Thursday, 30 August 2012

NASDAQ funded by Gay Whores

Nasdaq were on fine form as usual at the Gay Whores basement on the 29th day of August, celebrating the release of their new two song CDR EP with a performance that seemed all too short as usual. Before they went on there was some rap playing which prompted me to encapsulate the situation at hand in a rap of my own much to the amusement to everyone I rapped to:

"These guys ain't shit
  There's pennies on the floor
    I'm goin' upstairs to find me a whore"

I'm not really down with the gangster rap vernacular so I didn't need to rhyme ho with flo as this would have not adequately described what I had observed. Nasdaq quite literally are not shit, or I would not waste time and words on them. In fact Ed Troup the bassist plays in most of the best bands in Manchester now: Nasdaq, FTSE100, Burnst, Wode and Plank! Dan the guitarist plays in so many combinations they are into double figures.

Tuesday, 28 August 2012

Wode Conquer Fat at the Mill

I had a very good weekend at the Fat Out Fest, where I witnessed 32 performers bring the noise to two stages in Islington Mill. It was great that it was organised so that no bands played at the same time. The only downside was the obscene number of drunk people talking and shouting too loud whilst Jarboe was singing, with only a guitarist to accompany her. I think she might have even cut her set short becasue of it! Have some respect for the artsts and save your blather for after the gig loudmouths.

I nabbed Mugstar's setlist after they played a stormer and this was what was written:

Tech Knowl
Floatation Tank
Bethany Heart / Star

Here's a clip of Braitain's most psychedelic band in action

Here are the lucky seven bands I enjoyed most each day:

Saturday 25/8

1. Wode
2. Khuda
3. Jarboe
4. Alex Macarte
5. Queer'd Science
6. Arabrot
7. Klaus Kinski

Sunday 26/8

1. Mugstar
2. Charles Hayward
3. Kogumaza
4. Black Octagon
5. Apatt
6. Alex Tucker
7. Our Man in the Bronze Age

I guess if Jarboe had performed to a more respectful gathering or just been louder then I might have liked her best on Saturday. I certainly enjoyed the CD of hers I bought, "Mahakali." Kogumaza had only five copies of their excellent album on and I got one. I also bought the beautiful silver embossed one side etched Enablers 10" "Now You Can Answer My Prayers" from  both of whom make up two third of Black Octagon.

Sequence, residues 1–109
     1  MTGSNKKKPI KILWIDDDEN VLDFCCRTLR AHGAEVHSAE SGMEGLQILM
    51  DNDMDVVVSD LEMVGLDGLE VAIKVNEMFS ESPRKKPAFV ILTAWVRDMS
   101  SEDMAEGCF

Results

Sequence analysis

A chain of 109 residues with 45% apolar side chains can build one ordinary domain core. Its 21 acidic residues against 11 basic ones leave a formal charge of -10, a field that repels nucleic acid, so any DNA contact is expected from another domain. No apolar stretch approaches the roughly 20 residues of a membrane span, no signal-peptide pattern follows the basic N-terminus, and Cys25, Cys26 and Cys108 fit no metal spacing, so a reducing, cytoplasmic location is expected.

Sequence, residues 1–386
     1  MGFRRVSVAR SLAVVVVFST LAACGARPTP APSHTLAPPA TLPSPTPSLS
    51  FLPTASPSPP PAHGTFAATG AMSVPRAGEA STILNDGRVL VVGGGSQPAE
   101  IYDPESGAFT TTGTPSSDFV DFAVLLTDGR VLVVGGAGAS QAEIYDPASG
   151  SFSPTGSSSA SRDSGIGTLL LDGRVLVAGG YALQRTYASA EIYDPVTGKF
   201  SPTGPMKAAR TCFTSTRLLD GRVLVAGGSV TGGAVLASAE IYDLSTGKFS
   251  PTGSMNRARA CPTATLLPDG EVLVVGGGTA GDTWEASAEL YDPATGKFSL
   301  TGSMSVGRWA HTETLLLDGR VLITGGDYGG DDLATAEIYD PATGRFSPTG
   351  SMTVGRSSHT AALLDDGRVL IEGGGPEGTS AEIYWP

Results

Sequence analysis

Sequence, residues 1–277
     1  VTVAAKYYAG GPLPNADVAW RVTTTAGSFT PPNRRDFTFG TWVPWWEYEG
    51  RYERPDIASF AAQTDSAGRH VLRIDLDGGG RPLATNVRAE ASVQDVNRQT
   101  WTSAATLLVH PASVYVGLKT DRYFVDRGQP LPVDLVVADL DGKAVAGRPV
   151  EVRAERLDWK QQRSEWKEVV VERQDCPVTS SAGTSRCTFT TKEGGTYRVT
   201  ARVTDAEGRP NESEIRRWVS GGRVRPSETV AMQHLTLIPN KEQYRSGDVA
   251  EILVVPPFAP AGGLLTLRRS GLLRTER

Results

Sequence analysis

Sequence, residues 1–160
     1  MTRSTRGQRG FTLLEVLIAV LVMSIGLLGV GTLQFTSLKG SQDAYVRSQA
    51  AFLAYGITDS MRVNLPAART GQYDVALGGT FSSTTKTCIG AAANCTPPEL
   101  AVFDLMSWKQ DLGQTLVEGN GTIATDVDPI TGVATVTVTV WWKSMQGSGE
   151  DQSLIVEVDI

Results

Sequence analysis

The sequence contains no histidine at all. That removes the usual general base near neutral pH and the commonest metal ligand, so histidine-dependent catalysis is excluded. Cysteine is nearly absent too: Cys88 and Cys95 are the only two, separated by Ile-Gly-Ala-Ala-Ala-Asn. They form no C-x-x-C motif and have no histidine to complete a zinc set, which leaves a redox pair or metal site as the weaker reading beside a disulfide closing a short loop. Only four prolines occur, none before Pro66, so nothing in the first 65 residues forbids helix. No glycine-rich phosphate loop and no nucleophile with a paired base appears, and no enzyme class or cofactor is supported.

Read more about most of the bands at

Friday, 24 August 2012


The post office is "Modernising."
From my perspective this means:

They no longer deliver packages with CDs. These are either ALL lost or stolen.

They do not frank 90 per cent of stamps.

They deliver many letters to the wrong addresses.

I blame the Tory Scum Austerity Con.

Wednesday, 22 August 2012

Mission of Burma "Unsound" album review

Fire records seem to be signing great bands who used to be on Matador: Bardo Pond, Bailter Space and Mission of Burma. If you've never heard Mission of Burma before then this album probably isn't the best place to start. Have a listen to ‘That's When I Reach fo My Revolver’ from their debut album (or is it?) ‘Signals, Calls and Marches.' If you like that you'll like this as they have never really flagged on quality on any of their albums, however this one is a little different in that they've experimented a little with their sound. My only negative criticism is that at thirty-five minutes I could do with a bit more Burma. I guess I could just dig out my double vinyl 'Let There Be Burma' album (on Taang!) and listen to it for the millionth time to reaffirm that it actually exists. This album, released during their long hiatus is as good as any of their others and seems to be perpetually ignored by those who count albums; 'Unsound’ is described as their fifth studio album in the press release. Presumably they haven't counted 'Signals, Calls and Marches' as it was originally only six songs (but is now expanded to ten on remastered CD). They definitely haven't counted 'Let There Be Burma' which seems to get written out of history music journalists and press releases alike due to the crime of being mostly songs not released until after Mission of Burma spilt in 1983. I think the band might not be happy with the recordings which are purported to be demos, but they sound just fine to me. It's a shame as it includes some of their best songs, some of which also appeared on the live album 'The Horrible Truth About Burma' which I'd choose as my favourite from their first life (1979-83).